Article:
Henry Ford, Privilege and Gayness

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In 1913, Henry Ford started paying his workers $5 per day, a huge amount for the time and a more than 100% raise from what they were previously earning. It’s seen as a milestone in modern capitalism, the moment when employers realized that workers were also consumers, that raising their wages created a generation that would buy as well as work.

Last week in London I randomly read The Greatest Business Decisions of All Time, which has a chapter on Ford’s decision and some of the unsightly details of how he rolled it out.

It came with some strings attached. The headline pay was divided into two parts: wages (about $2.40 per day for an unskilled worker) and “profits” (about $2.60 per day). All workers received wages for their work at Highland Park, but they shared in the profits only if they were deemed worthy. Six months’ service was required to qualify.

Married men were eligible, as were men under the age of 22 who were supporting widowed mothers or brothers and sisters. All women supporting families also qualified. But unmarried women and men who were not supporting dependents were excluded.

Ford made it clear that a “clean, sober, and industrious life” was required to receive the higher pay. An employee had to demonstrate that he did not drink alcohol or abuse his family. Moreover, he had to make regular deposits in a savings account, maintain a clean home, and be of upstanding moral character.

Workers who accepted the new wage would also be subject to company rules about how to conduct themselves during off-hours. As Ford explained it, “The object was simply to better the financial and moral status of the men.”

To enforce his lifestyle dictates, Ford mobilized an army of investigators that at one point numbered 200. They were expected, Lacey writes, “to make at least a dozen house calls every day, checking off information about marital status, religion, citizenship, savings, health, hobbies, life insurance, and countless other questions.” To help them meet their quotas, Ford provided each inspector with a new Model T, a driver, and an interpreter for help in ethnic neighborhoods.

I know this sort of thing isn’t all that surprising, but it really does bum me the fuck out. This is exactly what people mean when they talk about privilege. Here was one of the best jobs, in one of the nation’s most economically dynamic cities, and it was only open to men who were the right religion, the right background, who passed the similarity test by their bosses.

I remember chatting with a retired government worker from Belfast at a conference a few years ago who told me that he had a set of interview questions to determine which candidates were Protestants and which ones were Catholics. What primary school did they attend? What neighborhood did they grow up in? What sort of work did their parents do?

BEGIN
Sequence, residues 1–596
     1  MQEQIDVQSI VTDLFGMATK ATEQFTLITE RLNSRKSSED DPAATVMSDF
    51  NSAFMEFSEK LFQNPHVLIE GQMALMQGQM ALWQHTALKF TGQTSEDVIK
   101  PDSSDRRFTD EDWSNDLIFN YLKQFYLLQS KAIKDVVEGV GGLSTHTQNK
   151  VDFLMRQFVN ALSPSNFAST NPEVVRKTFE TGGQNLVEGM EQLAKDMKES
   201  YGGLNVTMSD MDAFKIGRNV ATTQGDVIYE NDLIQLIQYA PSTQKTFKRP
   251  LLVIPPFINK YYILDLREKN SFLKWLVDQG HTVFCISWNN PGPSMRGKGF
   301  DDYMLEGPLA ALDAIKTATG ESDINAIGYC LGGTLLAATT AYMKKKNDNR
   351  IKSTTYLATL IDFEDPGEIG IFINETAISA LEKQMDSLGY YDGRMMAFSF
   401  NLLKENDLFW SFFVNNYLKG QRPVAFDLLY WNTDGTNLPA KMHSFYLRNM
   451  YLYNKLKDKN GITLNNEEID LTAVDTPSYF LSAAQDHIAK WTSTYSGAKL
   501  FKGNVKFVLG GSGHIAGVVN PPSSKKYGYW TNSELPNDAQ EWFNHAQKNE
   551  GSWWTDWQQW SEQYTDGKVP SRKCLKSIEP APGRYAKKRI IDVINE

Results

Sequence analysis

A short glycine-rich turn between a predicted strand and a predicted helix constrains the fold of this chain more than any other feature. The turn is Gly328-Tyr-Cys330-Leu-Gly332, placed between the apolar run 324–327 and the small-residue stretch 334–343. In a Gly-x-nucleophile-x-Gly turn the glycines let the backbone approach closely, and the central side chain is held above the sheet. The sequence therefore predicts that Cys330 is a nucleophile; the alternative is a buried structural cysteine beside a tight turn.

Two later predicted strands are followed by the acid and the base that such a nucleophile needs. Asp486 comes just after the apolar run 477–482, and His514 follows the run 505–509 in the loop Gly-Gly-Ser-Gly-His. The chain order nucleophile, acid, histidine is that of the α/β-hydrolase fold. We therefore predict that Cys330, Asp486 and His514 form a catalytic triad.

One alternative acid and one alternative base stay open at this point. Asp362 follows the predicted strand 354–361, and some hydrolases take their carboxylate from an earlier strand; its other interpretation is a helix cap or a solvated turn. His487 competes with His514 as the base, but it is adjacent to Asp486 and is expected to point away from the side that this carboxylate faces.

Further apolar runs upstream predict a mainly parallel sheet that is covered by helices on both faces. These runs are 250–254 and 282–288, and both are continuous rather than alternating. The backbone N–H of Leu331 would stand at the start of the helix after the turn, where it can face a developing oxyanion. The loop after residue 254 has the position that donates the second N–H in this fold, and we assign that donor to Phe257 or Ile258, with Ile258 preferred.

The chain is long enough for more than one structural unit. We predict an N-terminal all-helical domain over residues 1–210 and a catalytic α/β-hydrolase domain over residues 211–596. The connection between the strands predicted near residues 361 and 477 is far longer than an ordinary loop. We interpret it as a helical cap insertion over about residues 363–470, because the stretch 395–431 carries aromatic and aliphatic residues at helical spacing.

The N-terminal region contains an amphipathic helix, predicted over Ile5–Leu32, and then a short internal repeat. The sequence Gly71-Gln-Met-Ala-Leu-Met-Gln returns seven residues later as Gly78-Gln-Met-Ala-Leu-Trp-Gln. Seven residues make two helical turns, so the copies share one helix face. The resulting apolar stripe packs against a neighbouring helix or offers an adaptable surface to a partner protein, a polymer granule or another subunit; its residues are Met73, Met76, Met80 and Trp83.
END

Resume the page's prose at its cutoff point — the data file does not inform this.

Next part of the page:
It’s appalling, this, not to mention wasteful, and it makes me wonder the ways we do this now. As a gay person, I always feel a bit guilty about the fact that I’ve never experienced any discrimination directly. I’m pretty invisible; by the time people find out I’m gay I’m usually hired.

We talk a lot in this country about how quickly we’ve all made the turnaround on gay rights, and I wonder how much has to do with gay people’s ability to pass these little tests. We were already in the boardrooms and behind the judicial benches way before it was safe to do. Once it was, we had friends and colleagues who had a financial incentive in keeping us there. Most other marginalized groups never get that chance.

6 Comments

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6 responses to “Henry Ford, Privilege and Gayness

  1. Thanks for this, many of us just don’t understand what it means to be a minority. I’ve ordered the book you recommended. Cheers.

  2. Reblogged this on The Bis Key Chronicles and commented:
    Many of us do not comprehend what it means to be part of a minority group. This post was an eye opener for me and bonus, there is a great book recommendation here too.

  3. I also feel, “how quickly we’ve all made the turnaround on gay rights, and I wonder how much has to do with gay people’s ability to pass these little tests.” It shows a real humanity.

  4. MinusTheLinus

    When you land the job, there is still a feeling like always looking over your shoulder, as though Angela Lansbury will be standing there ready to “out” you based on small, seemingly unrelated pieces of evidence. But, if a few prickly neck hairs is all we have to worry about, we indeed are lucky.

  5. “We were already in the boardrooms and behind the judicial benches way before it was safe to do. Once it was, we had friends and colleagues who had a financial incentive in keeping us there. Most other marginalized groups never get that chance”
    EXCELLENT POINT!

  6. jiisand

    It should be kept in mind that Henry Ford was a vociferous anti-Semite and an admirer of Adolf Hitler who awarded him a medal, the grand cross of the German Eagle. He was, of course, not the only American industrialist who favored the Nazis.

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